Drought and war have come together in Somalia, culminating in the worst famine to hit the region in decades. An estimated 800,000 children in the Horn of Africa are acutely malnourished, and over 80% of them are cut off from relief by warlords in the area. Today the UN World Food Programme intended to drop food supplies to the Somali capital to feed the 40,000 refugees gathered there, the first airlift in the two weeks since the UN declared the crisis an official famine.
Aid workers are rightfully focused on the immediate needs of the starving Somalis. But their plight may not be over once the famine ends, whenever that may be. Studies of past famines hint that children who endure severe malnutrition at a young age or while in the womb might be at a higher risk for certain diseases.
Scientists from the Chinese Center for Disease Control and Prevention in Beijing have used data from their country’s National Health and Nutrition Survey, taken by the government every ten years, to follow up on those citizens affected by the Great Chinese Famine that lasted from 1958 to 1961. The widespread famine officially resulted in 15 million deaths, but scholars estimate that the actual number is closer to 40 million.
One paper published last month from the Chinese analysis found that those born during the famine were more likely to suffer from high systolic blood pressure — a risk factor for cardiovascular disease. Additionally, those under the most severe famine conditions were more susceptible to hypertension later on. Famine survivors who ate a western diet high in fat, refined carbohydrates, and low in fruits in vegetables later in life had a more pronounced risk of blood pressure woes than their counterparts who ate the same foods but had never been exposed to famine. A study from the same group published in February came to similar conclusions regarding famine and metabolic syndrome.
Of note, the risks to those in utero during the famine were higher than those who were born just before. “This suggests that gestation is the most vulnerable period,” says author Frank Hu, an epidemiologist at Harvard’s School of Public Health in Cambridge, Massachusetts who worked with the Chinese team. “The individuals that were conceived during that period, if they do survive, will carry long-term risk of chronic disease up to several decades.”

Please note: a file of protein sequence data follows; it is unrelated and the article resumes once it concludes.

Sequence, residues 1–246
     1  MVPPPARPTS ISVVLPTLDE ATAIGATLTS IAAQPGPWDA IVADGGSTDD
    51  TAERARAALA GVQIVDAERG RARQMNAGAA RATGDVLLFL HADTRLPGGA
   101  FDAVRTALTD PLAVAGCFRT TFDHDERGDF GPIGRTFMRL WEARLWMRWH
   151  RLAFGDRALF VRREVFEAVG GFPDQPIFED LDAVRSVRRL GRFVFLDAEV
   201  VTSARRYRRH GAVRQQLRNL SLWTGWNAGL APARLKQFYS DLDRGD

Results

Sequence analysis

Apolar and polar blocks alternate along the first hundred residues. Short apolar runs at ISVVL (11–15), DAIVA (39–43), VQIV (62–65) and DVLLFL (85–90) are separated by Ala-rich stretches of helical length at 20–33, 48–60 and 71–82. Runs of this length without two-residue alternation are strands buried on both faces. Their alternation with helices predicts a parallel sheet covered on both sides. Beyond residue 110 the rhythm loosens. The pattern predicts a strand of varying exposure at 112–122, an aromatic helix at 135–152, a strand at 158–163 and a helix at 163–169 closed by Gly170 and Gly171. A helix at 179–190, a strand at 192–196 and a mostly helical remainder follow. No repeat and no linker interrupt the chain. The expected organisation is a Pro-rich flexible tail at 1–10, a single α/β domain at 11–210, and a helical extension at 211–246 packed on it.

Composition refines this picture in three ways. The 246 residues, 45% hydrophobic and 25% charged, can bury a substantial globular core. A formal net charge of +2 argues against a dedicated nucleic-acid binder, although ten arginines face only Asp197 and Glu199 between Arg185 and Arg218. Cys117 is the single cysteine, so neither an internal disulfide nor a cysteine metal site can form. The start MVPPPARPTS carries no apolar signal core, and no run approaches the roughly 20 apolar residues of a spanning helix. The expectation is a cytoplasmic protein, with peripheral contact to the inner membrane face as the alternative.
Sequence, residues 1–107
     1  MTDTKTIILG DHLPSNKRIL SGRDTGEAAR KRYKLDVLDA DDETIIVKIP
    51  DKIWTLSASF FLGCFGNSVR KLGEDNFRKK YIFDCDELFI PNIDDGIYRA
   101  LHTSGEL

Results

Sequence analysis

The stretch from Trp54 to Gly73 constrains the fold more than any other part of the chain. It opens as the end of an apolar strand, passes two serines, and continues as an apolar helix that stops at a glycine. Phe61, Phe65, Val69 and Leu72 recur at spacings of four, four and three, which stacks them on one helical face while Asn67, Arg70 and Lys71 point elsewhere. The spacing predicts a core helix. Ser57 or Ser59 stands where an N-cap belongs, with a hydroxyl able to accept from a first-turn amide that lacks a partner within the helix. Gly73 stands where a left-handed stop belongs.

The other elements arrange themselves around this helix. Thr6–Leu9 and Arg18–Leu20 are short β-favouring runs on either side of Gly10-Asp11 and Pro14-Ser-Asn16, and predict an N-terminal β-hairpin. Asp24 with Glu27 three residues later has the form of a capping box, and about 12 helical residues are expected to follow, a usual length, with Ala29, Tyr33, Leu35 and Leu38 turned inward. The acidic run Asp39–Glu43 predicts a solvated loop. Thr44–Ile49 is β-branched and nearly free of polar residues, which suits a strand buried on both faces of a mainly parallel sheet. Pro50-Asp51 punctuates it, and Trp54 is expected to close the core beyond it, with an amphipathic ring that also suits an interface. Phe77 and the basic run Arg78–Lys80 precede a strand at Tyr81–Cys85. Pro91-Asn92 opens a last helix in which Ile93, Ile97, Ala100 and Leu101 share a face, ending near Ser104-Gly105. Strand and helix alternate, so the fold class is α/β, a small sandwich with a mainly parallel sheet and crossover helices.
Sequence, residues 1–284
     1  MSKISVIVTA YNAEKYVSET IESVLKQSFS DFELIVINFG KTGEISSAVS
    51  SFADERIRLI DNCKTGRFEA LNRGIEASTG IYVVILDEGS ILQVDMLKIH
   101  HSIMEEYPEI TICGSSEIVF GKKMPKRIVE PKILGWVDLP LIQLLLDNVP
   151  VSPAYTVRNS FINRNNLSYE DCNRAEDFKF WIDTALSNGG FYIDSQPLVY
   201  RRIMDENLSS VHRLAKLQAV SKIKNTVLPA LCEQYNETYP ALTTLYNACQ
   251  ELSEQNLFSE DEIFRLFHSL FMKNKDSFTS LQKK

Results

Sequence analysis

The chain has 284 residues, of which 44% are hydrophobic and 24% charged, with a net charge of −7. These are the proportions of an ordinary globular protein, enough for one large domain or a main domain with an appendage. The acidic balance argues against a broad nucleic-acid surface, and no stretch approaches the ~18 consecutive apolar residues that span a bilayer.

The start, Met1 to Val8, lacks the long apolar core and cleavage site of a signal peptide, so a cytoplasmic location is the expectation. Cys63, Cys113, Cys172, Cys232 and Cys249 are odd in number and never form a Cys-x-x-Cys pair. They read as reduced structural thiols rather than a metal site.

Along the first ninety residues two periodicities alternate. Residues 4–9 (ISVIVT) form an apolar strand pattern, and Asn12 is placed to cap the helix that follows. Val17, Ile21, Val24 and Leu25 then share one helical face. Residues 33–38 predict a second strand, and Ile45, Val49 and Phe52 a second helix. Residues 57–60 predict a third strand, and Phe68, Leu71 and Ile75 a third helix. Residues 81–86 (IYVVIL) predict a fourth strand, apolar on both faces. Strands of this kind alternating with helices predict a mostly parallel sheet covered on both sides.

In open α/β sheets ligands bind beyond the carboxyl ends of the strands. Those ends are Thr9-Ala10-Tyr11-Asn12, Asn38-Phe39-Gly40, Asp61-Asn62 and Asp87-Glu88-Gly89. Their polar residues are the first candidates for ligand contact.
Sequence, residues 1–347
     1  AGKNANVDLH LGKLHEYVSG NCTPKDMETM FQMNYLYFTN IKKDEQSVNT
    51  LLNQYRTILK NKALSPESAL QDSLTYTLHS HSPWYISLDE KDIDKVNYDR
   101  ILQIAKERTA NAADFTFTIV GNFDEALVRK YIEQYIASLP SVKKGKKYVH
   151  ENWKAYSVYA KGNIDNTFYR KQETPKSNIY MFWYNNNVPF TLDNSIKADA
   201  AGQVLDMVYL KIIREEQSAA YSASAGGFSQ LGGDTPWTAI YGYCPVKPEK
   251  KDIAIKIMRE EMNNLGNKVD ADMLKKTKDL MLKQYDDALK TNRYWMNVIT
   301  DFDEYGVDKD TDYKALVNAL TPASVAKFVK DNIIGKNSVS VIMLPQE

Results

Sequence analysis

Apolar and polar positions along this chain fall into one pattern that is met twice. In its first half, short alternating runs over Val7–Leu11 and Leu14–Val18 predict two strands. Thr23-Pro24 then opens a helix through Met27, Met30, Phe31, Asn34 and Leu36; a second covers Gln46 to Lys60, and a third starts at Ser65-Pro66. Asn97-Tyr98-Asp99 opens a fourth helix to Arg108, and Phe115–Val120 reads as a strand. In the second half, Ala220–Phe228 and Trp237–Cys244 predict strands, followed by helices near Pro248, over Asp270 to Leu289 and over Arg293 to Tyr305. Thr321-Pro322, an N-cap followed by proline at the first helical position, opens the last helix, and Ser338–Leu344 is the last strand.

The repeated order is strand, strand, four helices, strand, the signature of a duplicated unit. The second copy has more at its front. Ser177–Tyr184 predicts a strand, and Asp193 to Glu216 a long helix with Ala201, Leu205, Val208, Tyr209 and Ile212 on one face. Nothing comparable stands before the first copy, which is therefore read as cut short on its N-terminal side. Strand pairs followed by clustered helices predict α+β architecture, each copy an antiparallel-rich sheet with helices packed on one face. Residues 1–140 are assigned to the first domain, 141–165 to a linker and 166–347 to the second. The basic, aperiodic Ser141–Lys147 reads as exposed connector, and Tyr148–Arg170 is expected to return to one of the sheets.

Researchers found similar long-term risks studying 1944’s “Hunger Winter”, a 6-month famine which hit the eastern cities of the Netherlands during World War II. Its short stint allowed the researchers to even distinguish the effects of famine on early versus late gestation, and found that women, but not men, born to mothers who faced malnourishment early in pregnancy had body mass indexes over 7% higher than controls. Neither sex showed any significant difference in BMI as a result of late-term exposure to malnutrition. “Short famine is the only time where you can tease apart these timings,” says Lambert Lumey, an epidemiologist at Columbia University’s Mailman School of Public Health in New York City, an expert on the Dutch cohort.
Not all findings are consistent, though. A 2005 study on the Chinese famine found increased risk of schizophrenia in babies born malnourished, but no cognitive effects were seen in a study on the Dutch famine published this April. “These are single isolated things and not necessarily replicated,” says Aryeh Stein, a researcher at Emory University’s Rollins School of Public Health in Atlanta, Georgia who co-authored the April study with Lumey.
“It’s very hard to evaluate the possible long term effects because of the circumstances of famine,” says Lumey. “Events are so chaotic” with migration, infection, war and supply access that “it would be very difficult for someone to do some systematic study of the long term effects.”
Image: Oxfam East Africa via flickr, under Creative Commons